My Beef with the QS World University Rankings Methodology

Maybe someone who is better versed in statistics can explain this to me. Maybe I’m just absolutely wrong and I need to be told why these things are the way they are. But the recently published list of university rankings by QS World University Rankings seems absolutely absurd.

Put aside for a moment, if you will, the even larger absurdity that I even have to write this post to begin with. There’s a certain amount right and a certain amount wrong with college ranking culture. But that’s another post and another time. This is about the fact that people will point at this list as a reason to think about specific universities in specific ways, and for many reasons, that might influence a decision in an incorrect manner. And especially considering how expensive college is, and how many schools are effected by lists like this (read: every school), it seems like something that should be mentioned.

I opened the list, and was greeted by the typical slew of Ivy Leagues and prominent international universities. Okay. That makes sense. But a few schools started to pique my intuition that all was not as it seemed on the list. Namely, the placement of the UC schools. Now, I am not bashing against the University of California. I wouldn’t bash against any school. But in terms of perception and renown, it doesn’t seem to make sense that UC-San Diego and UC-Davis would rank considerably above schools like Washington University in Saint Louis and Dartmouth College. Comparing QS to the US News & World Report Rankings (which I’ve certainly got beef with as well), Dartmouth clocks in at #11, WU-SL at #14, with UC-Davis at #38 and UC-San Diego at #37. Of course, there are going to be discrepancies between the lists, but that seems like an awfully large one, no? So, of course, I cracked the methodology open and found a few problems I’d like to point out. Please note, I am not a statistican or a data scientist, but listen to the argument, not the voice saying it.

1: Why is Employer Reputation only given 10%? Given the fact that college degrees now-a-days are at least viewed as a ticket to employment, why are we weighting them this lowly? Even if you disagree with the fact that people should view college in a different manner, doesn’t mean that that affects the reality of the situation. Surely there must be something more significant coming in the rankings, or more logical spaces with which to use that weighting right? Nope.

2: Student to Faculty Ratio at 20%?! They say that you can’t really find an objective measure of teaching quality, so this is what they substituted. Huh? These, on face, appear to measure two completely different things. A small class size has no bearing on the quality of the class at all, but this insists a correlation. Furthermore, what is the definition of “academic stafff”? Do TAs and student teachers count? Surely a class taught by a brilliant Nobel Laureate in his field can’t be weighted for less than a class of twenty taught by a professor who merely scrapes the surface of his subject? Not to mention the fact that their best stab at an objective measurement of teaching quality is DOUBLE the size of an actual objective measure that people would look on more favorably being weighted higher (Employer Reputation). So why on on earth is this twice the size of that?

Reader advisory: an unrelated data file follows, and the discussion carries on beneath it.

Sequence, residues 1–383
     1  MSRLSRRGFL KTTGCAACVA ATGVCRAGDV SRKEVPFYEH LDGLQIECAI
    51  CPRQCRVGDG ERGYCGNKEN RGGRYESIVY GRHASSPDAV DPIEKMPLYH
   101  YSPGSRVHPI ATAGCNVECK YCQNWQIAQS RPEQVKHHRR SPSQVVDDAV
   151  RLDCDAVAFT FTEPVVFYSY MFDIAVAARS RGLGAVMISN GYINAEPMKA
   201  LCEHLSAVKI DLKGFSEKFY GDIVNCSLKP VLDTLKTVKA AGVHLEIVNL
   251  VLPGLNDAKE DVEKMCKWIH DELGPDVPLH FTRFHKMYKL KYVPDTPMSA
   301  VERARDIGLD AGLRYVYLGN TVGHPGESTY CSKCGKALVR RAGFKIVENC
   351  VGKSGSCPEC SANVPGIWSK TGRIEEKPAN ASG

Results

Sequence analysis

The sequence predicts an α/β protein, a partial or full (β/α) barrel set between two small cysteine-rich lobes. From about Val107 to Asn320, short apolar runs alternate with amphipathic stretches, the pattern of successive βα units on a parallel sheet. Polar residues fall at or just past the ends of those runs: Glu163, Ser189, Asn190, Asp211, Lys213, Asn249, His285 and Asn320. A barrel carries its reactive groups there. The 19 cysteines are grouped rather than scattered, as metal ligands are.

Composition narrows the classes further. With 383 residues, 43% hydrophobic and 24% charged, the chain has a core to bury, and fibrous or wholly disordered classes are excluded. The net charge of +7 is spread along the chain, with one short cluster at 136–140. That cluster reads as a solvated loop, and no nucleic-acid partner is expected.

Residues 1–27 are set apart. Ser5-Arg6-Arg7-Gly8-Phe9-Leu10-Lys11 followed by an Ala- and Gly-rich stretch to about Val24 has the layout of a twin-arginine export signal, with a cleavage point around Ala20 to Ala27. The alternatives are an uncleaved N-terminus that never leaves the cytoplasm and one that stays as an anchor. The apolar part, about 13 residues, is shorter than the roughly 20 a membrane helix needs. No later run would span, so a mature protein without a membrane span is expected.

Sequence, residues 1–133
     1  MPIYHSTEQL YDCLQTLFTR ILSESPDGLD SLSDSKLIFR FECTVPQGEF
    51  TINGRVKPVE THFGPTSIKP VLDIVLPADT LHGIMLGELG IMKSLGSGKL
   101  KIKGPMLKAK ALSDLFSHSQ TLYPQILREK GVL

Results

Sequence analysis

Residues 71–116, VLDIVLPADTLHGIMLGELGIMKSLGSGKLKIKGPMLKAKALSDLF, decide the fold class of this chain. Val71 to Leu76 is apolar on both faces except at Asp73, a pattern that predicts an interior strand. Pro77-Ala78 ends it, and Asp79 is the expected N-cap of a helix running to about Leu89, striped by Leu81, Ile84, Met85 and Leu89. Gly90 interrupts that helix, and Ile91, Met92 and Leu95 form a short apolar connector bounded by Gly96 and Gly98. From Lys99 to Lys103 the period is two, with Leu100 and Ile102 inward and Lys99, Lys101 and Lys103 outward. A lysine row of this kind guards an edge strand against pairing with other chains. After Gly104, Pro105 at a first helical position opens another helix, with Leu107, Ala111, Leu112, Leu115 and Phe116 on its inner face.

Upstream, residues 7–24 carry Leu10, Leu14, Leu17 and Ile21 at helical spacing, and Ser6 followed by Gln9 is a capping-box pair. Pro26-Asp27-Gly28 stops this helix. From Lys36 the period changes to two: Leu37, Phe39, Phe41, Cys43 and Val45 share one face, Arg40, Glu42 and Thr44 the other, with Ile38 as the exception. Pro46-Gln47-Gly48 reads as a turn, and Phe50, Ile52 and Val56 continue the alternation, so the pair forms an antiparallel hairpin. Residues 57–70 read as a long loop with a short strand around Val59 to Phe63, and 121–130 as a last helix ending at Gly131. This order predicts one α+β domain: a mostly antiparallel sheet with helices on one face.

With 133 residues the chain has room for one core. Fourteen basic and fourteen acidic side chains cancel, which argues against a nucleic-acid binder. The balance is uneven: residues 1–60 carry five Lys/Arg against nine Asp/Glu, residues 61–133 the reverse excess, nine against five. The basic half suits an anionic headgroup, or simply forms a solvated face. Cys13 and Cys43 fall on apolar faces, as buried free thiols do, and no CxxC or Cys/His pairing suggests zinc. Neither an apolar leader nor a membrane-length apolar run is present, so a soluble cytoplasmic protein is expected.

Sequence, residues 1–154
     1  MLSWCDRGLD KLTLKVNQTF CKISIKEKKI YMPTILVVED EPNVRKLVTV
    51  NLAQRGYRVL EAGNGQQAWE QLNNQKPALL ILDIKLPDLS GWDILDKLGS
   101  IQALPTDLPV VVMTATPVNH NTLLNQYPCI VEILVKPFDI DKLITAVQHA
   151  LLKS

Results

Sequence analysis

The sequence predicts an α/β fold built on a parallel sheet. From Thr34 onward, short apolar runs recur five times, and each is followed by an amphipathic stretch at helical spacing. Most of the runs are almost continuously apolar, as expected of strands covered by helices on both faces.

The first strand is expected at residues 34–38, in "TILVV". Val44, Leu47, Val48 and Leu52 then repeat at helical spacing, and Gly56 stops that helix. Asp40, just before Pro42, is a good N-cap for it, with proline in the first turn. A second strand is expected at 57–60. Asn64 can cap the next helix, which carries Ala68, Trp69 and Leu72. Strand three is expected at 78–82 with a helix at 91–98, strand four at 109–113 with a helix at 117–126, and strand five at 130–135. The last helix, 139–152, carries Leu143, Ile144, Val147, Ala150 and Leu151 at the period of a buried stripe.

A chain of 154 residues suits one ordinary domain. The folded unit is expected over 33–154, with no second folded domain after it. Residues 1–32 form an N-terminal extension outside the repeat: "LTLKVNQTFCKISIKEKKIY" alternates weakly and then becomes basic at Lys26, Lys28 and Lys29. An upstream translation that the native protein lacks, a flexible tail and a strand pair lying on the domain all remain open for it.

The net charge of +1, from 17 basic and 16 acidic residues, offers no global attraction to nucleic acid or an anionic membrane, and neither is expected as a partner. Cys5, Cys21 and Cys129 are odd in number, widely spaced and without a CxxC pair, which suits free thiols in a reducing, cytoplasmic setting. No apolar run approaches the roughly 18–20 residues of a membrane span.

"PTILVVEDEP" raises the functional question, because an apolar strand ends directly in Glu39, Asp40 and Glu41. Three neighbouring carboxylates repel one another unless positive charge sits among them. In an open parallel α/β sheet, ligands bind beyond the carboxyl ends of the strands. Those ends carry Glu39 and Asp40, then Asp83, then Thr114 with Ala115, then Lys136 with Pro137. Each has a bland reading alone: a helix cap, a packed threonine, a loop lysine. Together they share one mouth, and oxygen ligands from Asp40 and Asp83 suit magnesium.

3: International Faculty and Student Ratio at 10% (five percent for each). Now I completely get it. Diversity is important not only for equal opportunity, but also for getting more perspectives integrated into a learning environment. There are plenty of reasons why diversity is something to be considered. But when it has exactly the same weight at how employers look at a university, that’s inane. The two simply cannot be equated, and there is a much higher chance of a correlation between the quality of a school and how employers look at it, then the percentage of students that come from other countries to attend that school. This also means that universities outside of the United States have a dramatic advantage, due to the logistics of moving between countries in the EU (again, not as difficult as US visas etc).

Look, it’s bad enough that we have to deal with college rankings as a means for making a decision about what school is right for us. It’s like trying to pick which girl you should dance with based on who your friends think is the cutest. It kinda points you in the right direction, but can make you seriously unhappy in the long run. But to have your friends shouting in your ear that the girl who is most likely to give you a swirly when you have your back turned is also one who you should look at more favorably? Well we just shouldn’t do that to students, should we?

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